Economics of Innovative Payment Models Compared with Single Pricing of Pharmaceuticals

Cole, A., Towse, A., Lorgelly, P., and Sullivan, R.

Research Paper
July 2018

Sign Up for OHE Updates

Why not sign up for our email updates? Around once or twice a week we will send you a round-up of the latest news, events and publications from OHE.

I'm already signed up    No thanks

The current system of a single price per medicine means that, for multi-indication medicines, the relationship between price and “value” can vary substantially.  In this OHE Research paper, we consider: What are the economic implications of an alternative to single-price payments for pharmaceuticals? In particular, what are the implications for: payer budgets, patient access, and the incentives for innovation?
 
Varying prices with the use of a drug offers the opportunity to better align payment with value, but the impact on patients, payers, and incentives for innovation are not clear cut. Two key papers offer competing perspectives. Bach (2014) described the potential for IBP to increase transparency and illustrated how IBP could lead to lower prices for lower value indications, while Chandra and Garthwaite (2017) argued that IBP would lead to higher prices overall. The key differences arose from assumptions as to where (single) prices are currently set, and the extent to which IBP could expand patient access by allowing further indications to be developed.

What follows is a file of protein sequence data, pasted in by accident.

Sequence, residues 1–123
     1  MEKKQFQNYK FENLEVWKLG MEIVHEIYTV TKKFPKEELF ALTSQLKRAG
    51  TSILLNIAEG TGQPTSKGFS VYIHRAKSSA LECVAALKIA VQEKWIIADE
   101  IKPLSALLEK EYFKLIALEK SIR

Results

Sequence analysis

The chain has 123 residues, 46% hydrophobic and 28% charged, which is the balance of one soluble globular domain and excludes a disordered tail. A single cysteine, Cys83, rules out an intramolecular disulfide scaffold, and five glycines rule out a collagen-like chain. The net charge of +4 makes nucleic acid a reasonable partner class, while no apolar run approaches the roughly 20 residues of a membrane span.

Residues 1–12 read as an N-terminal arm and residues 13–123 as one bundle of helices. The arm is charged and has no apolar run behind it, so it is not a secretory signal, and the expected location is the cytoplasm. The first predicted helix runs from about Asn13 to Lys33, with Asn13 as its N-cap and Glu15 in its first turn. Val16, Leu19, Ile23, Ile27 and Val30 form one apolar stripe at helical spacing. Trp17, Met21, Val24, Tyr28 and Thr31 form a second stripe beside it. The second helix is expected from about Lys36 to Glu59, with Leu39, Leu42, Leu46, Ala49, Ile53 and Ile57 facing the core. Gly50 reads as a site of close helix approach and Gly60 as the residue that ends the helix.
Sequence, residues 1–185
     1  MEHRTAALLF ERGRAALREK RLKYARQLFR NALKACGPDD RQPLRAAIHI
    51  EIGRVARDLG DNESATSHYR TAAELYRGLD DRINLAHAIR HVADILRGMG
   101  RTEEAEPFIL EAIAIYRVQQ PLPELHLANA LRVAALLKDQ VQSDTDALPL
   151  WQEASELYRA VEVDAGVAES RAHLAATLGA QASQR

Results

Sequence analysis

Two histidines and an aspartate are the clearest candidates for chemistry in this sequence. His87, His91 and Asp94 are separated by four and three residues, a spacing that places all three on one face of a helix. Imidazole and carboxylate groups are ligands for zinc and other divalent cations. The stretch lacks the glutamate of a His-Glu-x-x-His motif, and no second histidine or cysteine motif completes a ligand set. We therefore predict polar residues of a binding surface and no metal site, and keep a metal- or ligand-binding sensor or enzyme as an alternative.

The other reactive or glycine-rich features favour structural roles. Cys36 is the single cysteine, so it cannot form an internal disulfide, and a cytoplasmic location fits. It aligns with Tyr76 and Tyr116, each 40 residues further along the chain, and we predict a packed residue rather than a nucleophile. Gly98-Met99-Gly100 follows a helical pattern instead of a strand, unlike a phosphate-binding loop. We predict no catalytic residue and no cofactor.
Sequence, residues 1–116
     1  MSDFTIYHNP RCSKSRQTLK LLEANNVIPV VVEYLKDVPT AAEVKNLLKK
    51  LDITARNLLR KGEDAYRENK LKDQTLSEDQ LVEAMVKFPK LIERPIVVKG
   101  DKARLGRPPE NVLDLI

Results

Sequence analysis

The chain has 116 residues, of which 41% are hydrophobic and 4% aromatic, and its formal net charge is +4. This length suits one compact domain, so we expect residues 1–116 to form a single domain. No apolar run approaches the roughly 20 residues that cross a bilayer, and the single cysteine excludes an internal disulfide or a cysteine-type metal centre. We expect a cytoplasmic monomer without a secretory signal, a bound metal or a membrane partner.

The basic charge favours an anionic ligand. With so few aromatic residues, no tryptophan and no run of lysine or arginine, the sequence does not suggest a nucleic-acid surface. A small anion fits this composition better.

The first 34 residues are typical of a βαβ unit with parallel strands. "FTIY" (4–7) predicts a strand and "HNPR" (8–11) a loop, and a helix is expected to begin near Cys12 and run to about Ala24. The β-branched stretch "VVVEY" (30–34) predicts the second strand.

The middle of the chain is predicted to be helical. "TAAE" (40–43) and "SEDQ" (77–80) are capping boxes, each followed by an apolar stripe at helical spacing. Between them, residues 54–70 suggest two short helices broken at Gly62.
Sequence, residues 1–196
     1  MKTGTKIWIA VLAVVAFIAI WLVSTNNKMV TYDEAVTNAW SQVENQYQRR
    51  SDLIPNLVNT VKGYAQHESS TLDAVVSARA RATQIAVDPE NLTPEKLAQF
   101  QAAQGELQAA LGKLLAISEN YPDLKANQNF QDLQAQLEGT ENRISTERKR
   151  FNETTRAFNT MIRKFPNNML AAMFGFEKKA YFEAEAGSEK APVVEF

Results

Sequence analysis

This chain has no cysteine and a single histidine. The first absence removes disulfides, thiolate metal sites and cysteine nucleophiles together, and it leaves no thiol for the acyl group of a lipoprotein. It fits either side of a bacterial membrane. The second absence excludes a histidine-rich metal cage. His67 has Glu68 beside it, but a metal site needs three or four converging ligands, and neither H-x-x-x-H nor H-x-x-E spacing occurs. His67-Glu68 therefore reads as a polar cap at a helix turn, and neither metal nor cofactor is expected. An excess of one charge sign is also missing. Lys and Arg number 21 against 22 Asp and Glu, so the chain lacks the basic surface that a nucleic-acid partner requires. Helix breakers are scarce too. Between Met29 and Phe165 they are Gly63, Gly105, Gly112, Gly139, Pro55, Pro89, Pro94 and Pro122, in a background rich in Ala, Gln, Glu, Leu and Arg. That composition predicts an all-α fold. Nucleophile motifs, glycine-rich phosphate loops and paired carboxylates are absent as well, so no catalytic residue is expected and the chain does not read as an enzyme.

In the short term theory suggests that indication-based pricing can improve overall welfare if it means greater patient access, but payers may face higher expenditure. However, the potential longer-term (dynamic) effects of IBP are sometimes neglected: optimising incentives for R&D means indications that can provide cost-effective treatment are likely to be developed, and there is the potential for increased price competition at the indication-level, which could lead to lower prices, so delivering better value to the health system.
 
In order to explore the potential impact of competition, we identify two classes of cancer therapy: tyrosine-kinase inhibitors (TKIs) and PD-1/PD-L1 inhibitors and show how competing products and competing indications have developed over time. In the case of the PD-1/PD-L1 inhibitors additional indications are currently in development with more competing therapies expected to enter the market for several further cancer types. We illustrate how competition by indication in the PD-1/PD-L1 space could, in theory, reduce prices below the value-based price.
 

Erratum:

25/07/2018: Please note that this copy of the report (originally published 09/07/2018) has been updated to correct an error in Table 1 (p.9), whereby the results in columns 7 to 9 were in  reverse.